GET ready to avert your eyes!

For following last year's controversy, York's naked bike ride is back and the event is again set to divide residents, between those in favour of mass nudity and those who believe it infringes on the moral code.

This is not an impromptu naturist display but an exhibition meant to convey an environmental message.

The attention-grabbing act highlights cycling as an environmentally friendly choice, as opposed to gas-guzzling cars.

Organisers are hoping it will prompt people to think about their dependence on cars and fast diminishing oil supplies.

Organisers also say, being without their clothes, the riders are emphasising their vulnerability to other forms of transport on the roads - and the need for more cycle tracks.

Last year, 50 riders formed a motley crew of those who chose to bare all.

Jenny Goodwin, 25, who was studying for a masters degree at the University of York, took part last year.

She said: "I really believe people should get out of their cars - and that all links back to oil, world issues, what's been going on with Iraq. It all links back to these bigger issues.

"If you can make a difference in your own way, whether it's recycling or cycling to work, the more people we can get involved - it's all making the world a better place.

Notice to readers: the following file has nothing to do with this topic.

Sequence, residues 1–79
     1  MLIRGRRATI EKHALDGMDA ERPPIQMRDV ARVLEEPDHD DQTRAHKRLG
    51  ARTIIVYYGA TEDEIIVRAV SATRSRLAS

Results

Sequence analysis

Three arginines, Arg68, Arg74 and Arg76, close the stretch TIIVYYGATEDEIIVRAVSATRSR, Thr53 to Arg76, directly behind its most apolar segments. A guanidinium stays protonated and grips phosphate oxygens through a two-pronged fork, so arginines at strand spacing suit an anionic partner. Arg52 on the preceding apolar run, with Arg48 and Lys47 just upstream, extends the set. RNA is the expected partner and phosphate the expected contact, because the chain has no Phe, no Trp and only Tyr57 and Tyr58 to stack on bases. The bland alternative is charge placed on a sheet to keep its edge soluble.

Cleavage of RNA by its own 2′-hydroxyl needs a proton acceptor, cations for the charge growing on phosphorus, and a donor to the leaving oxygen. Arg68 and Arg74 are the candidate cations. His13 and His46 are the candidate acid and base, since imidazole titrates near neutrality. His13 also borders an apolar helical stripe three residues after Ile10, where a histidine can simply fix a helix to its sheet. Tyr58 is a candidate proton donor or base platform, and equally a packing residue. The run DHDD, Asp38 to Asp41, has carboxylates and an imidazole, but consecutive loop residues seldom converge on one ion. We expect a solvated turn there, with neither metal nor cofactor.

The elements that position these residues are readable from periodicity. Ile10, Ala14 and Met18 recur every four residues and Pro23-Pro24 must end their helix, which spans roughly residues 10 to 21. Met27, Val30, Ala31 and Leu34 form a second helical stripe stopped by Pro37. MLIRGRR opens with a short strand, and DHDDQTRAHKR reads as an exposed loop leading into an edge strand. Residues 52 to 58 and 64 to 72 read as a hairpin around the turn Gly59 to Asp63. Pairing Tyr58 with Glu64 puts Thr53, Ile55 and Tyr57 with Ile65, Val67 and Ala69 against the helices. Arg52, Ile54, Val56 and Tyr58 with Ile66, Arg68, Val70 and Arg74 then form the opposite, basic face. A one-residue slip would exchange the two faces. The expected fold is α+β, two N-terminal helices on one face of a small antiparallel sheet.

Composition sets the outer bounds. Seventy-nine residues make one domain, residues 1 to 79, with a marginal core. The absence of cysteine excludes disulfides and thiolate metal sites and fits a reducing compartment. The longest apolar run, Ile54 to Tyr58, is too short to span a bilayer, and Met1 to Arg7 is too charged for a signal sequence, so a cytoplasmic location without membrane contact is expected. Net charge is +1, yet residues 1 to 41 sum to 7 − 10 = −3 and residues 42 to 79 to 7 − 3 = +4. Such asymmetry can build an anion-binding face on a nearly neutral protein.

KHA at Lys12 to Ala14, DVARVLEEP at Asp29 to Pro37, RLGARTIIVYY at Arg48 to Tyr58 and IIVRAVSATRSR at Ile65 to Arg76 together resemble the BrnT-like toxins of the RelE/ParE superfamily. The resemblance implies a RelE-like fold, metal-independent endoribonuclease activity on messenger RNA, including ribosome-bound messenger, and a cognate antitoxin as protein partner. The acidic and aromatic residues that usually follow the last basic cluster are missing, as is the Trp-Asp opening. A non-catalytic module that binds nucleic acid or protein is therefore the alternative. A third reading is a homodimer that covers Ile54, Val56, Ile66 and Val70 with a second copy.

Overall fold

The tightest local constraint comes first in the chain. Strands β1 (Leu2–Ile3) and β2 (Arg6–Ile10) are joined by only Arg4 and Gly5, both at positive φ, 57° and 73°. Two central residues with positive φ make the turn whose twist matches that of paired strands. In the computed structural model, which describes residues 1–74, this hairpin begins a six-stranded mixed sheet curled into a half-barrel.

"I really love my bike. It's helped me a lot over the years."

Being naked is not a necessity but a choice for anyone taking part.

The ride will take place Friday, June 8, at 6pm, starting at the Memorial Gardens, in George Hudson Street.

The timing of the event will avoid the strength of the mid-afternoon sun. But considering the general attire of the participants, it hopefully won't be a chilly evening.

The route, which runs through the city centre, will be lined by fully-clothed police officers ensuring the event goes without a glitch.

Inspector Mark Kahn said: "There was a similar event last year which was trouble free, and we're expecting the same this year.

"It is North Yorkshire Police policy to allow lawful and peaceful protest.

"It is our main aim to try and ensure the safety of the participants and crowd."